Friday, September 13, 2013

Shirley, Shirley, Shirley!



This evening for 'music night' at The Wild Reed I share my favorite version of a very well-known song. Yes, it's Shirley Bassey with "Killing Me Softly with His Song"!

But first, a little about this hauntingly beautiful song: It was composed in the early 1970s by Charles Fox with lyrics by Norman Gimbel. In 1973 it was a number-one hit for Roberta Flack. It's been subsequently remade by over 40 major recording artists – the most well-known being the Fugees, who had a huge international hit with the song in 1996.

The origins of the song's inspiration is disputed, as the following from Wikipedia notes:

Norman Gimbel came to California in the mid-1960s. He was introduced to the Argentinean-born composer Lalo Schifrin (then of Mission: Impossible fame) and began writing songs to a number of Schifrin's films. Both Gimbel and Schifrin made a suggestion to write a Broadway musical together, and Schifrin gave Gimbel an Argentinean novel to read as a possible idea. The book was never made into a musical, but in one of the chapters the principal character describes himself as sitting alone in a bar drinking and listening to an American pianist 'killing me softly with his blues.' Gimbel put the idea in his 'idea' book for use at a future time with a parenthesis around the word 'blues' and substituted the word 'song' instead.

According to Lori Lieberman, the artist who performed the original recording in 1972, the song was born of a poem she wrote after experiencing a strong reaction to the song “Empty Chairs,” written, composed, and recorded by Don McLean. She then related this information to Gimbel, who took her feelings and put them into words. Then, Gimbel passed the words on to Fox, who set them to music.

Fox himself, however, has specifically repudiated Lieberman's having input into the song's creation, saying: “We [i.e. Gimbel and Fox] wrote the song and [Lieberman] heard it and said it reminded her of how she felt at [a Don McLean] concert. Don McLean didn't inspire Norman [Gimbel] or me to write the song but even Don McLean thinks he's the inspiration for the song according to his official website!” However in a Daily News article about the song, Gimbel said: “Lori is only 20 and she really is a very private person," he said. “She told us about this strong experience she had listening to McLean. I had a notion this might make a good song so the three of us discussed it. We talked it over several times, just as we did with the rest of the numbers we wrote for the album and we all felt it had possibilities.”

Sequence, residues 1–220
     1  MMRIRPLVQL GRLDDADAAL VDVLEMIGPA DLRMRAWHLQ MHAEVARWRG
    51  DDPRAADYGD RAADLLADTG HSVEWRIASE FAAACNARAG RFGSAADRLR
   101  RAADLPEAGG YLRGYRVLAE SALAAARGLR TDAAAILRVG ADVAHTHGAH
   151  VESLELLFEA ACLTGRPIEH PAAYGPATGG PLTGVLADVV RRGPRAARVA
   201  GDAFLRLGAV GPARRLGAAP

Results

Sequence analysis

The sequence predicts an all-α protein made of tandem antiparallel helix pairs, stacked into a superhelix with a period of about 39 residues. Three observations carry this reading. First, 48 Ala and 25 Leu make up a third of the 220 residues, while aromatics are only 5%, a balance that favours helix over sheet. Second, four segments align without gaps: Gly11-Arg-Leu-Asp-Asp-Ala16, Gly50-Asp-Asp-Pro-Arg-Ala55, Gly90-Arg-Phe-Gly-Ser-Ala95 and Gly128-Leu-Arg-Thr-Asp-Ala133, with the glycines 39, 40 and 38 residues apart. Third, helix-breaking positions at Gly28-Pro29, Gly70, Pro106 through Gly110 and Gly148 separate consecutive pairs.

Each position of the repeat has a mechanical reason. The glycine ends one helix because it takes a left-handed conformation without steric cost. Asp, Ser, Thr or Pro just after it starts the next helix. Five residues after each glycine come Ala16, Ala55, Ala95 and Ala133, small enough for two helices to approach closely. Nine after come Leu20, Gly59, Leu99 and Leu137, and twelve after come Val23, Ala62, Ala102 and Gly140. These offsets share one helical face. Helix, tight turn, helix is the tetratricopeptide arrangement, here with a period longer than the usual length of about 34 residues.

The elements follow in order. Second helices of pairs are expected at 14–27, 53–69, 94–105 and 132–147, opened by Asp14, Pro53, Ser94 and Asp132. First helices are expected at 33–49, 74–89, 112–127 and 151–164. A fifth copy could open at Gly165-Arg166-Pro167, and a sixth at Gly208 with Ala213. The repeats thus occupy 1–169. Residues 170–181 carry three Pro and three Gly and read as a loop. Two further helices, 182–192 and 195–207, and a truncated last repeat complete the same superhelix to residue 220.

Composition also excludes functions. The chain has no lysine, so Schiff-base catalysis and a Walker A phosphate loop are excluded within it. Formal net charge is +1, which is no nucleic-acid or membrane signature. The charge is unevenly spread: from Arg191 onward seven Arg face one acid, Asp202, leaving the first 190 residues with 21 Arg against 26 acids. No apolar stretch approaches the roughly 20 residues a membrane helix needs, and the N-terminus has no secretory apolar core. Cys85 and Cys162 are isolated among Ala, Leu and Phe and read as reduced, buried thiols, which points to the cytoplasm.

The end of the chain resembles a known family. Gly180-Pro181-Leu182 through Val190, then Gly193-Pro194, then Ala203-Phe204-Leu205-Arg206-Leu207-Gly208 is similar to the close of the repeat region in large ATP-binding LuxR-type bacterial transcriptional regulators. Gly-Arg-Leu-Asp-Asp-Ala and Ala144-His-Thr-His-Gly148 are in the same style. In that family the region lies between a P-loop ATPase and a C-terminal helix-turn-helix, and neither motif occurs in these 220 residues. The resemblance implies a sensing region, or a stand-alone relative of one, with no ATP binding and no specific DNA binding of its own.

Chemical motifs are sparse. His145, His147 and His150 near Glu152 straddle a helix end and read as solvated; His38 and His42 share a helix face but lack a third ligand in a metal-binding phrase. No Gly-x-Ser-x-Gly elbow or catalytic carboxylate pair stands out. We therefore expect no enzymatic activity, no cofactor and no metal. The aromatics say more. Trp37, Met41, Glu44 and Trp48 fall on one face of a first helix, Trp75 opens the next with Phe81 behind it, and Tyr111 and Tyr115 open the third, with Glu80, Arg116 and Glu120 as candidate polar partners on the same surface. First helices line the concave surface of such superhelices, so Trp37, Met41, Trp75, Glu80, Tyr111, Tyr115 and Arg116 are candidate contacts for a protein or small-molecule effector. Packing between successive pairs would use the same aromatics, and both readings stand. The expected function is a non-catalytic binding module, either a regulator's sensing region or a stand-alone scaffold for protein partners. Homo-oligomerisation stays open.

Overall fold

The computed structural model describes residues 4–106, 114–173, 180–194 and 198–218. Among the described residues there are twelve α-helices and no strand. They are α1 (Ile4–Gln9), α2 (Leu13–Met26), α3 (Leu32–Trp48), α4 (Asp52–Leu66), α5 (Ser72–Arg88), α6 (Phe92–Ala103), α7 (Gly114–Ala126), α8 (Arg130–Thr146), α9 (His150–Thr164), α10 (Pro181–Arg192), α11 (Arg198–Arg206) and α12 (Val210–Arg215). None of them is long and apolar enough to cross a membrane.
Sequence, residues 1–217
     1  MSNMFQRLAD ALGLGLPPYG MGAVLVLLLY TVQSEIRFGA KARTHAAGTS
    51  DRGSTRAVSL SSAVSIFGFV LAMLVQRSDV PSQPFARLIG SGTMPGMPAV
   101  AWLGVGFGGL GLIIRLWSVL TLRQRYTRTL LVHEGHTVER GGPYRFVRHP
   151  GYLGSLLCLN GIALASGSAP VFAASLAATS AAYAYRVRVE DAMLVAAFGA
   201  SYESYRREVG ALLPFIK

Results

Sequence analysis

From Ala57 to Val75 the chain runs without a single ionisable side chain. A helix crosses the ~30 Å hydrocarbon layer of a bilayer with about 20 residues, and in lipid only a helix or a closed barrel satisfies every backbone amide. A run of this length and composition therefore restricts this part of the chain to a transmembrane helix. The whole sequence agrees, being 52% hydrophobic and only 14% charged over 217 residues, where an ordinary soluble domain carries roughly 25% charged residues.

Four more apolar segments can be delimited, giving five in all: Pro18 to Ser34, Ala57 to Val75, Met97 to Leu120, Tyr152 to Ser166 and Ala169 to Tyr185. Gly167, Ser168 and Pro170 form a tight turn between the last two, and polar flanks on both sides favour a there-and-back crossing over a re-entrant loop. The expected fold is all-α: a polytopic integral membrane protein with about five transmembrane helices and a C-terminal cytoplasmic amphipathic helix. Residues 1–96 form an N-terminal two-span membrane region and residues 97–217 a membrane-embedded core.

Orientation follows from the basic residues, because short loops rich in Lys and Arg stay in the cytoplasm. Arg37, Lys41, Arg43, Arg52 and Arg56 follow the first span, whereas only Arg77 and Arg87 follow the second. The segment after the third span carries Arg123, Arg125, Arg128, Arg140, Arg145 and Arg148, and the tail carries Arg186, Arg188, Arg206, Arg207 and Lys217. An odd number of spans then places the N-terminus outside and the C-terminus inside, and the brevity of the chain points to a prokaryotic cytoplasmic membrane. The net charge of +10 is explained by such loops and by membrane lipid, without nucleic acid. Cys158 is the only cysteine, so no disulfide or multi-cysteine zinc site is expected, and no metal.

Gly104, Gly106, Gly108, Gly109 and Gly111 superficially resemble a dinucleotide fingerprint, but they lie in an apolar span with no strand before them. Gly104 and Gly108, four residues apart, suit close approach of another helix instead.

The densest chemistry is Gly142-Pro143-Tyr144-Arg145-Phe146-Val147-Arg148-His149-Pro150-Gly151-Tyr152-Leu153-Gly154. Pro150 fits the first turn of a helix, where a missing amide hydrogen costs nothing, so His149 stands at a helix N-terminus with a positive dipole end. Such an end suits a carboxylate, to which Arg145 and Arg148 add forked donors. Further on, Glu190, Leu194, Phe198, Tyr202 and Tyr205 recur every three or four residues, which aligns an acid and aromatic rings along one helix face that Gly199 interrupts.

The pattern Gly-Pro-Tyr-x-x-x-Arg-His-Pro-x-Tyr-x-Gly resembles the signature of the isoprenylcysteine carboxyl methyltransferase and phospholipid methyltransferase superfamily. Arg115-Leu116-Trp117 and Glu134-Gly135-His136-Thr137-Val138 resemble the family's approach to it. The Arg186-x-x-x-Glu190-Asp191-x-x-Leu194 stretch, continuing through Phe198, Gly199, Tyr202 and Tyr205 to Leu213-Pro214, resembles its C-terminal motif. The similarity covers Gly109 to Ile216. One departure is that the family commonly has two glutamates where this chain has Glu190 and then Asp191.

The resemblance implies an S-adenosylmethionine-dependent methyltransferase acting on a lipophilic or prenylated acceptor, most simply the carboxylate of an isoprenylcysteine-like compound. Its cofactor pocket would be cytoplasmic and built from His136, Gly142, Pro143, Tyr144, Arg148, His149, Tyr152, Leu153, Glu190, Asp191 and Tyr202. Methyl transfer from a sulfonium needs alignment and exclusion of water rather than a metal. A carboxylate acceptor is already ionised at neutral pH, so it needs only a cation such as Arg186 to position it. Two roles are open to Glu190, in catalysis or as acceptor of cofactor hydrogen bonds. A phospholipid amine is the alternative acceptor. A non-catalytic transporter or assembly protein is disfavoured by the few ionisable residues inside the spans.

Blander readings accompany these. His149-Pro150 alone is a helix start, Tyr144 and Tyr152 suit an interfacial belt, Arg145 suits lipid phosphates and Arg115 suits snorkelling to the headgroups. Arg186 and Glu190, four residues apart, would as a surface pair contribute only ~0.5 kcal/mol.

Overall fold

Don McLean said he didn’t know the song described him, and when asked about it, he said “I’m absolutely amazed. I’ve heard both Lori’s and Roberta’s version and I must say I’m very humbled about the whole thing. You can’t help but feel that way about a song written and performed as well as this one is.”


Shirley Bassey recorded "Killing Me Softly with His Song" for her 1973 album, Never, Never, Never, an album that saw a peak in her career revival she was experiencing in the early 1970s. Notes Wikipedia:

The album's title track was also its lead single and reached No. 8 in the UK Charts. It remained in the top 50 for 19 weeks, becoming one of Bassey's biggest and most well-known hits. It was also her only single to make three US charts: No. 48 on the Billboard Hot 100; No. 8 on the Adult Contemporary Chart; and No. 67 on the R&B Chart. In the UK the album entered the top 10, peaking at No. 10 during a ten week run. It would go on to earn a silver disc. The album also was a hit in the US, peaking at No. 60 on the Billboard 200 amid positive reviews. It also hit No. 34 on the R&B Chart. Photography for the album was by Lord Snowdon.


And so without further ado, here's the wonderful Shirley Bassey with "Killing Me Softly with His Song" . . .





. . . I heard he sang a good song
I heard he had a style.
And so I came to see him
To listen for a while.
And there he was this young boy,
A stranger to my eyes.

Strumming my pain with his fingers,
Singing my life with his words.
Killing me softly with his song,
Killing me softly with his song.
Telling my whole life with his words,
Killing me softly with his song.

I felt all flushed with fever,
Embarrassed by the crowd.
I felt he found my letters
And read each one out loud.
I prayed that he would finish
But he just kept right on . . .

Strumming my pain with his fingers,
Singing my life with his words.
Killing me softly with his song,
Killing me softly with his song.
Telling my whole life with his words,
Killing me softly with his song.

He sang as if he knew me,
In all my dark despair.
And then he looked right through me
As if I wasn't there.
And he just kept on singing,
Singing clear and strong.

Strumming my pain with his fingers,
Singing my life with his words.
Killing me softly with his song,
Killing me softly with his song.
Telling my whole life with his words,
Killing me softly with his song.


For more of Shirley Bassey at The Wild Reed,see:
The Living Tree: Shirley Bassey and Me
Time of the Tigress
The Rhythm Divine
History Repeating
Oscar Highlights 2013
Quote of the Day – February 26, 2013


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